European Court Delivers Blow to Snoopers' Charter
The European Court of Justice (CJEU) has delivered a major blow to the controversial Snoopers’ Charter.
The blow comes after ruling that parts of the law that related to the retention of communications data for 12 months were unlawful.
The IP Act passed through Parliament in November this year as a replacement for the expiring Data Retention and Investigatory Powers Act back in 2014 that enabled unprecedented levels of state surveillance in the UK.
The IP Act was heavily criticised for enabling public bodies to grant themselves access to details of internet usage and telephone calls without suspicion of crime or independent sign-off.
Organisations that would be allowed access to this data under the IP Act includes police and security services as well as bodies such as the Department for Transport and the Food Standards agency.
The CJEU also found that the European Union law precluded national legislation that prescribed general and indiscriminate retention of data.
It added that blanket data retention was not allowed, that an independent body must authorise any access to data and that those who had their data accessed must be notified.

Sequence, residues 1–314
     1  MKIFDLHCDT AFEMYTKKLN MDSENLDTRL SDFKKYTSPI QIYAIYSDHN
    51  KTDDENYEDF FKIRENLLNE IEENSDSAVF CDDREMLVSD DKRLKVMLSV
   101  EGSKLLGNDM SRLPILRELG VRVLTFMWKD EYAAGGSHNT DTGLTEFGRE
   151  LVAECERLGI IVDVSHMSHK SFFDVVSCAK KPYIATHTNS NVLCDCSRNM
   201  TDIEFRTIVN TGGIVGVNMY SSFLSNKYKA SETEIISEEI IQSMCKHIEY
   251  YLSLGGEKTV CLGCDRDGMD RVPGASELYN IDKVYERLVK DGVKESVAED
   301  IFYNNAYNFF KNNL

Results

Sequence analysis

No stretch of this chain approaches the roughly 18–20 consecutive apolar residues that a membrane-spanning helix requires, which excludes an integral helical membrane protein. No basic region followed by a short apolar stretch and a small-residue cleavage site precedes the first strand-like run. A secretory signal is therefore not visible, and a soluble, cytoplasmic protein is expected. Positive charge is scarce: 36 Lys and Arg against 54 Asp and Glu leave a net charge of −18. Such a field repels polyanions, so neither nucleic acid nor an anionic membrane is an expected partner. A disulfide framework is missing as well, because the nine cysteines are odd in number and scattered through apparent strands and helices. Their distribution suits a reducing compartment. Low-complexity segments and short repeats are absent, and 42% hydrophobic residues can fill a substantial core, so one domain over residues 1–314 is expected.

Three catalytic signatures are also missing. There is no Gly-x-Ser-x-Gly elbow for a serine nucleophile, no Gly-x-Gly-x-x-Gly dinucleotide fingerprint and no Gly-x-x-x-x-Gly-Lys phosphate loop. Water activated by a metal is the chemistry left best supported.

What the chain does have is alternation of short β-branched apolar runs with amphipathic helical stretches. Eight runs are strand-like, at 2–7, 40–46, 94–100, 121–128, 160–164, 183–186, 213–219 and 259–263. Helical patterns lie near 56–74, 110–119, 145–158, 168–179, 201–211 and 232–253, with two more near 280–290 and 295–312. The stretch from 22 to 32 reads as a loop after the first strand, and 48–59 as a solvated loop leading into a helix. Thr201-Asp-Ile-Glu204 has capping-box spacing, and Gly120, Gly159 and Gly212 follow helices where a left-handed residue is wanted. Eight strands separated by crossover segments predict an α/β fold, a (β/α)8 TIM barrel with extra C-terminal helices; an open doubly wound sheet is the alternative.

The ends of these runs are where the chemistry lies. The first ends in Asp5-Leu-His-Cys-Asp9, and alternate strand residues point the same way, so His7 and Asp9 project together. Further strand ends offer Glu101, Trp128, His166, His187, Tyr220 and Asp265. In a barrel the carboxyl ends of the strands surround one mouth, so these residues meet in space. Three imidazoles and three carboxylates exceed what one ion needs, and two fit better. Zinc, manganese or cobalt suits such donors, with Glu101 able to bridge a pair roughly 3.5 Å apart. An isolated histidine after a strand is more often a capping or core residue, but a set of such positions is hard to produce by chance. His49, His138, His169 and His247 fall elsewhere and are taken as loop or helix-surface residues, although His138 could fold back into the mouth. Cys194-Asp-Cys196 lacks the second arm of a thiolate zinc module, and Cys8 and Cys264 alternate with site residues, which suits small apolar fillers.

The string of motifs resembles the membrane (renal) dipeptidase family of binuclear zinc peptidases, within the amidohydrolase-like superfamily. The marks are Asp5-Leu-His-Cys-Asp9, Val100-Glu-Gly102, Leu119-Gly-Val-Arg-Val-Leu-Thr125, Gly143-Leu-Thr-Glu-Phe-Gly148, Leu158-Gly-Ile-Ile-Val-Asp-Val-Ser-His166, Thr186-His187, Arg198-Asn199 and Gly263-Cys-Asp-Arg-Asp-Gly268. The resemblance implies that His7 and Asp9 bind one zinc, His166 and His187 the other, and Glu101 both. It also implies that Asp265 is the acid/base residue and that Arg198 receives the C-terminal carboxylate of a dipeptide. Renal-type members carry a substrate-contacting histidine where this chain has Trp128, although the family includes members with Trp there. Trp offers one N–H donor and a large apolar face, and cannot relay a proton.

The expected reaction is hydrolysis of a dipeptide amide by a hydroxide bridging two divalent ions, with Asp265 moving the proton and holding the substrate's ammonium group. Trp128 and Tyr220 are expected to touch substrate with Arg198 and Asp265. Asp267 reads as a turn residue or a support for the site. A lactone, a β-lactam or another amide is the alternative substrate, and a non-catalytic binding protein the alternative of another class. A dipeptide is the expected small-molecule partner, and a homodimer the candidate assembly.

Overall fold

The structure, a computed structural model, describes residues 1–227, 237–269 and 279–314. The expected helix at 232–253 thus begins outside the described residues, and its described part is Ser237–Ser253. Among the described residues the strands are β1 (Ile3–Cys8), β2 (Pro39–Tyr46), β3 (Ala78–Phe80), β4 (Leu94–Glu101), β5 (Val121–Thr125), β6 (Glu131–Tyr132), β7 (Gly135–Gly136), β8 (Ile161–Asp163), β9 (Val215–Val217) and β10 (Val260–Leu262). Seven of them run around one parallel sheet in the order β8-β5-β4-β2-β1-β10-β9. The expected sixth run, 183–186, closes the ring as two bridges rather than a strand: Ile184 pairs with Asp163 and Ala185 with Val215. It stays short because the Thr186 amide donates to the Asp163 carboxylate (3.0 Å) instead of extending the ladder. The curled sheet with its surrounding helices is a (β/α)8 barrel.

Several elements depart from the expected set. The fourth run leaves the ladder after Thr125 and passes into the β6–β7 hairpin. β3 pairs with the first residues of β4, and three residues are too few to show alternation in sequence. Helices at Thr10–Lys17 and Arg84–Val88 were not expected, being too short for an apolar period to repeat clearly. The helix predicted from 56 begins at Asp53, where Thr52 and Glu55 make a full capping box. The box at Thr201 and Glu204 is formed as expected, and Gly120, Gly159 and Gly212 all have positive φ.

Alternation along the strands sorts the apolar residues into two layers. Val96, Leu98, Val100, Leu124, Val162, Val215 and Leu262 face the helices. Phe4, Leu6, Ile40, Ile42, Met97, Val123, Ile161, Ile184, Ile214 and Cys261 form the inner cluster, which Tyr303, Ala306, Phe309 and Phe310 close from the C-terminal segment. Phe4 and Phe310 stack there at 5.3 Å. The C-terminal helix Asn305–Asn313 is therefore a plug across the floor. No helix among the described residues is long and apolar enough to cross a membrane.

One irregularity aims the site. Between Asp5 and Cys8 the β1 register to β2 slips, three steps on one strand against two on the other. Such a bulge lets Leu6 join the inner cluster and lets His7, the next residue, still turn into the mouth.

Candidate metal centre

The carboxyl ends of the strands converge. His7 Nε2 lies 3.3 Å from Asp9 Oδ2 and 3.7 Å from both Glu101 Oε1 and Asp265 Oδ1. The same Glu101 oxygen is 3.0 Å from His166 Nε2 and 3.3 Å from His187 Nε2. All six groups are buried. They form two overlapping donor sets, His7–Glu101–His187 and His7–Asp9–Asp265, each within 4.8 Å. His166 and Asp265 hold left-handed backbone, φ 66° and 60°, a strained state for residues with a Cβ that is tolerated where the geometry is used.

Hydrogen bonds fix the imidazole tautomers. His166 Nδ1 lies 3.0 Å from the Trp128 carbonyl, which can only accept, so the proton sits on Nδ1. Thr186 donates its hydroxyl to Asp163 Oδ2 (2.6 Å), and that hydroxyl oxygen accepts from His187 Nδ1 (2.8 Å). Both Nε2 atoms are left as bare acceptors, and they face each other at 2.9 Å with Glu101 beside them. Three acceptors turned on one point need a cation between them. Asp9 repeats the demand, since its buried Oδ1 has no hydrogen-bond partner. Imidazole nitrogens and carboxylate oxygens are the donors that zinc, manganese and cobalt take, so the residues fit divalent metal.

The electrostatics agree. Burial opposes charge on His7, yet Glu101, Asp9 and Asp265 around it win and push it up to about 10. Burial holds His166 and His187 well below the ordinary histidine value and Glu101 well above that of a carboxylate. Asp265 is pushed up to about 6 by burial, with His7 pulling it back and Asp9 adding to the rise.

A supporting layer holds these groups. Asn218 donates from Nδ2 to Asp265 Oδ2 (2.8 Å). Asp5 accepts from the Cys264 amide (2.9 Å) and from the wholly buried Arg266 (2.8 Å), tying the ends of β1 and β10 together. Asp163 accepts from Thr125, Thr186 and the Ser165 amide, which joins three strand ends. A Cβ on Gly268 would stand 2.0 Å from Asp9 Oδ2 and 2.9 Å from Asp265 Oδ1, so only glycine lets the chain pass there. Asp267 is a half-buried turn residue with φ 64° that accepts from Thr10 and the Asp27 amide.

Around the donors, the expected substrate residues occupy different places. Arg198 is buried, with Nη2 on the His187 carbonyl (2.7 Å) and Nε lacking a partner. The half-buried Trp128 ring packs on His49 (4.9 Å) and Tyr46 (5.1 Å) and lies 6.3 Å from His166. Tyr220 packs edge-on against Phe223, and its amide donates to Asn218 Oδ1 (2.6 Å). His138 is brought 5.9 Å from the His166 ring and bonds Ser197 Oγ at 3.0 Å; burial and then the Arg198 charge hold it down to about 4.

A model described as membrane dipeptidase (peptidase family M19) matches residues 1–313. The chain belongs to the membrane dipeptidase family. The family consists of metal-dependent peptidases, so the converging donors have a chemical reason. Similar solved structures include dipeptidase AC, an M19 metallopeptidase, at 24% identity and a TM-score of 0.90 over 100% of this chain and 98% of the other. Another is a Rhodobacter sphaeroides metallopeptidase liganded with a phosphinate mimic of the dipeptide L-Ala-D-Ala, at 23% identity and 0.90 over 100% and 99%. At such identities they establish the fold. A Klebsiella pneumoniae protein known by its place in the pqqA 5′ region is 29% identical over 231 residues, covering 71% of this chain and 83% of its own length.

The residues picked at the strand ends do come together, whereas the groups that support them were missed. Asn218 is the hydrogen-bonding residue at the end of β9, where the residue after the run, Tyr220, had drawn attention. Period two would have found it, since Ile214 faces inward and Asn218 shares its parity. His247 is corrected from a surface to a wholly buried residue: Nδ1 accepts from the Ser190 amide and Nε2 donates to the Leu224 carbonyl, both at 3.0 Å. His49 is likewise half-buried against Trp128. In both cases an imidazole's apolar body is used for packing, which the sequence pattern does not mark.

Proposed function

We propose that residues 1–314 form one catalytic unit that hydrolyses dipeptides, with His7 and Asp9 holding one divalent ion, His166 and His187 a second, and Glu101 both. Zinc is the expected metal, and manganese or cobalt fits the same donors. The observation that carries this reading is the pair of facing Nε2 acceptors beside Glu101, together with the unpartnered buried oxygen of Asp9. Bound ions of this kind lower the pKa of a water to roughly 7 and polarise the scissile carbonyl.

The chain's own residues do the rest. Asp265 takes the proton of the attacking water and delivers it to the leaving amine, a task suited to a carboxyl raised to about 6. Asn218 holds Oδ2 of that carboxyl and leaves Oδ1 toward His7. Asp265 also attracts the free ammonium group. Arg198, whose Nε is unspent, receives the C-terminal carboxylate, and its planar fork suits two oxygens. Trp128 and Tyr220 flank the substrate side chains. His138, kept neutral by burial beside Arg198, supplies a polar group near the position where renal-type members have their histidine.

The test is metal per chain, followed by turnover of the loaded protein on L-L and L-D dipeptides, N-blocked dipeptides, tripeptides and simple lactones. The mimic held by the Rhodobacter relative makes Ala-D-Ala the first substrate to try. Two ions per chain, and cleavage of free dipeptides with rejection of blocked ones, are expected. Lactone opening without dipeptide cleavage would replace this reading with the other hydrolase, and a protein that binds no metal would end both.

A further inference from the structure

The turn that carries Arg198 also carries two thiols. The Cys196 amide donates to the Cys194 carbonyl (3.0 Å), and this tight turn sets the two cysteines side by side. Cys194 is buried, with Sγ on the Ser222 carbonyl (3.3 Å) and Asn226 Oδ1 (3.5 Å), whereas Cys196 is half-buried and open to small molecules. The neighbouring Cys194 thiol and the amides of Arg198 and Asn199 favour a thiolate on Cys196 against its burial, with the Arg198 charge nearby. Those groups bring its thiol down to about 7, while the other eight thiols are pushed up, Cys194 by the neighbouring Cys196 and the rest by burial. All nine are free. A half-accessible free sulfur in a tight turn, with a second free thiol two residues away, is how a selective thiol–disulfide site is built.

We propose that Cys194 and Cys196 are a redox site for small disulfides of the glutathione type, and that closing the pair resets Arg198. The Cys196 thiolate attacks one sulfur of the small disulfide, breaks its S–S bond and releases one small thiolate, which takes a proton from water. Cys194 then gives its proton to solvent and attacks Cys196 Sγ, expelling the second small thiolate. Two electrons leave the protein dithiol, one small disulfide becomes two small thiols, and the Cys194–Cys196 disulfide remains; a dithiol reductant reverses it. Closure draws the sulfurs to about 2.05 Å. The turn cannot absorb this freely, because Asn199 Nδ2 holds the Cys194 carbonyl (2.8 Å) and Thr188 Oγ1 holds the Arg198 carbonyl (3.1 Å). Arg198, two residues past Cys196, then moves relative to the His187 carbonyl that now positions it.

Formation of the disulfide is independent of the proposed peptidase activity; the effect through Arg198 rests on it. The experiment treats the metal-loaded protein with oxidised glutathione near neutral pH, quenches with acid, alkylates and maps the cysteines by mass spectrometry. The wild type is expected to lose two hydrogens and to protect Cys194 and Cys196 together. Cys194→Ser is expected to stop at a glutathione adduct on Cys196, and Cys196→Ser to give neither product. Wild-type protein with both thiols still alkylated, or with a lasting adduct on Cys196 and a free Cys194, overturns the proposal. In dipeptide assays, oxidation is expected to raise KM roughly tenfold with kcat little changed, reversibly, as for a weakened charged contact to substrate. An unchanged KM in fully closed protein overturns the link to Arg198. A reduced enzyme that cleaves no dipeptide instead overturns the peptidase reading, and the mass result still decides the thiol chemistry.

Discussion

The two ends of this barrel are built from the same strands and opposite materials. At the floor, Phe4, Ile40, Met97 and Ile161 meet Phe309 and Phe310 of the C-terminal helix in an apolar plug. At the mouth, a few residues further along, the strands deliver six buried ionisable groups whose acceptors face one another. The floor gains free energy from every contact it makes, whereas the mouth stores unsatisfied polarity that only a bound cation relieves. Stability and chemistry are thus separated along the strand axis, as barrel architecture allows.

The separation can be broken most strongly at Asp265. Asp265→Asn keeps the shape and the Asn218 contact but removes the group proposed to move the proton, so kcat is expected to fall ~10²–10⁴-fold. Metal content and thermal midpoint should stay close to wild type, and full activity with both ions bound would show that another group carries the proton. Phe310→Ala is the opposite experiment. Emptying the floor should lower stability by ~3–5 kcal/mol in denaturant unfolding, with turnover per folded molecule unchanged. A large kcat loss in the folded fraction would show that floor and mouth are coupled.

The CJEU said: “The court states that, with respect to retention, the retained data, taken as a whole, is liable to allow very precise conclusions to be drawn concerning the private lives of the persons whose data has been retained.
“The interference by national legislation that provides for the retention of traffic data and location data with that right must therefore be considered to be particularly serious. The fact that the data is retained without the users of electronic communications services being informed of the fact is likely to cause the persons concerned to feel that their private lives are the subject of constant surveillance. Consequently, only the objective of fighting serious crime is capable of justifying such interference.
“The court states that legislation prescribing a general and indiscriminate retention of data does not require there to be any relationship between the data which must be retained and a threat to public security and is not restricted to, inter alia, providing for retention of data pertaining to a particular time period and/or geographical area and/or a group of persons likely to be involved in a serious crime. Such national legislation therefore exceeds the limits of what is strictly necessary and cannot be considered to be justified within a democratic society, as required by the directive, read in the light of the charter.”
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